A quartet of House Republicans eyeing Senate runs were among the 66 Republicans who voted against the bipartisan compromise to increase the debt limit. GOP Reps. Todd Akin (Mo.), Jason ChaffetzJason ChaffetzLet’s not fail in our second chance to protect Bears Ears Trey Gowdy announces retirement from Congress House Oversight slams TSA after report says officials 'interfered' in disciplinary case MORE (Utah), Denny Rehberg (Mont.) and Jeff FlakeJeffrey (Jeff) Lane FlakeMcConnell: 'Whoever gets to 60 wins' on immigration Huckabee Sanders: Dems need to decide if they 'hate' Trump 'more than they love this country' Trump spokeswoman fires back at Flake: 'His numbers are in the tank' MORE (Ariz.) all broke with their party's leadership and opposed the agreement.

Akin is in a contested primary against former Missouri State Treasurer Sarah Steelman, with businessman and longtime Akin donor John Brunner seriously looking into joining the race. Steelman came out in support of an earlier Republican bill that included a balanced-budget amendment. The eventual Republican nominee will face off against Sen. Claire McCaskillClaire Conner McCaskillGovernment watchdog finds safety gaps in assisted living homes GOP Senate candidate fundraising lags behind Dems in key races McCaskill challenger links human trafficking to 'sexual revolution' of 1960s MORE (D-Mo.), who said Monday that while the bill was not perfect, she was "ecstatic about compromise" and that House members would have to "lose their minds" to not pass the bill.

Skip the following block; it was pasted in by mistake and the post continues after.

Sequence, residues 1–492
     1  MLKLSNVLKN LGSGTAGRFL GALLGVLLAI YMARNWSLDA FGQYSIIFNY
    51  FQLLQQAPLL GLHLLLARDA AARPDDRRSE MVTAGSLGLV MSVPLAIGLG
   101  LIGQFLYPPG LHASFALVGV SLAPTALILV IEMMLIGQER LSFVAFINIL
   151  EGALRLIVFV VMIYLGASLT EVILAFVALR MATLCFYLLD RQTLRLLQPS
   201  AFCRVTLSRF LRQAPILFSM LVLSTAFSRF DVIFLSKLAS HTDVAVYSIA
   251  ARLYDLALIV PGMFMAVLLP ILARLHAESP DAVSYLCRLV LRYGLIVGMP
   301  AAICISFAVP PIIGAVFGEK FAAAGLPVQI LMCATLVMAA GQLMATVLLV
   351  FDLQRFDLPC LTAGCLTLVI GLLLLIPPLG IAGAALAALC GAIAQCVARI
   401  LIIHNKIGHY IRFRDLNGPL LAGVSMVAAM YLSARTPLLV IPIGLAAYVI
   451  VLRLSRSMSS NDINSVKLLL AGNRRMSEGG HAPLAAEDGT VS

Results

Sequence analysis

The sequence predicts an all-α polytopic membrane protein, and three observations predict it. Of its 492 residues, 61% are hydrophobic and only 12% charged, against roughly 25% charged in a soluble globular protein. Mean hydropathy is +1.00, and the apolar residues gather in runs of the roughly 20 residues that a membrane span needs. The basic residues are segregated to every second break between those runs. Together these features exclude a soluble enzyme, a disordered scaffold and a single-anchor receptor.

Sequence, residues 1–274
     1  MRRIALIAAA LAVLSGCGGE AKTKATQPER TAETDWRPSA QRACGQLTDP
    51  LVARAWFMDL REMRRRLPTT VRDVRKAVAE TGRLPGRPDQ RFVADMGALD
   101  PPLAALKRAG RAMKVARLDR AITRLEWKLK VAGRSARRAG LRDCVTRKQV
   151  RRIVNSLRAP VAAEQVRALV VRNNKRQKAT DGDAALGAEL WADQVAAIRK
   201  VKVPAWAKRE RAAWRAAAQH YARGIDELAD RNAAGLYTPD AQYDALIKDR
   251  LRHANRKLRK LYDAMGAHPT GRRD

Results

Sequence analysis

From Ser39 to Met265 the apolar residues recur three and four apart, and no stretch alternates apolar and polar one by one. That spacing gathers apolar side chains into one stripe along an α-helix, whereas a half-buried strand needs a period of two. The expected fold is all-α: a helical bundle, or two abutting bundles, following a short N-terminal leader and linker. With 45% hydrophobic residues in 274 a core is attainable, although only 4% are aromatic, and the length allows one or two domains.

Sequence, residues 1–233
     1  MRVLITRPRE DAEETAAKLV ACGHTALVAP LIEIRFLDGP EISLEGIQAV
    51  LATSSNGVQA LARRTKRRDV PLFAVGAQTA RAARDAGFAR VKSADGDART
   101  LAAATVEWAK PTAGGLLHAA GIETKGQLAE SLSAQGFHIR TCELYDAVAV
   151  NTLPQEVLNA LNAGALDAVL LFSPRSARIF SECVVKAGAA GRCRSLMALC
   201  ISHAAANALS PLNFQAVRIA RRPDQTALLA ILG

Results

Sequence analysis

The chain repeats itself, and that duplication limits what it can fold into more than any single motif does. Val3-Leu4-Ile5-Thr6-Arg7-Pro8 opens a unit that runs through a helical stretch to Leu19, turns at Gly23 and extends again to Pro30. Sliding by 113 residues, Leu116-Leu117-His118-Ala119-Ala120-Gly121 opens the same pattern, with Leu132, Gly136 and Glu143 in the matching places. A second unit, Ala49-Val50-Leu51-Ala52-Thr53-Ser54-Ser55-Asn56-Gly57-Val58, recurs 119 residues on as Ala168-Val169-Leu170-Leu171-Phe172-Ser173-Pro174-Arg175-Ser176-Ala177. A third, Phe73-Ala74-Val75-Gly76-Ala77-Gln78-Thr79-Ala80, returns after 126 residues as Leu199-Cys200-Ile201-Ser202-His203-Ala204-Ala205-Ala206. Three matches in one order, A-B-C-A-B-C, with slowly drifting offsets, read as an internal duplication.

Chaffetz is considering a challenge of longtime Republican Sen. Orrin HatchOrrin Grant HatchOvernight Tech: Uber exec says 'no justification' for covering up hack | Apple considers battery rebates | Regulators talk bitcoin | SpaceX launches world's most powerful rocket Overnight Cybersecurity: Tillerson proposes new cyber bureau at State | Senate bill would clarify cross-border data rules | Uber exec says 'no justification' for covering up breach Hatch introduces bipartisan bill to clarify cross-border data policies MORE (Utah), who has said he is unlikely to vote for the deal in the Senate Tuesday. He has been trying to shore up his conservative bona fides since it became clear he could face a challenge from the right, although Chris Chocola, president of the conservative Club for Growth, indicated to The Hill Monday that Hatch's recent votes won't stop the deep-pocketed group from targeting him.

Rehberg is running against Sen. John Tester (D-Mont.), and Flake is running for the Arizona Senate seat that will be vacated by retiring Sen. John Kyl (R).

Chaffetz and Akin are dependent on their state's Tea Party adherents to win their primaries. Flake is unlikely to face a serious primary, but has taken some centrist stances on immigration that have angered some of the state's conservatives.

Rehberg will likely have a clean shot at Tester in the Republican-leaning state. He said he could not support the plan because it did not include a balanced-budget amendment.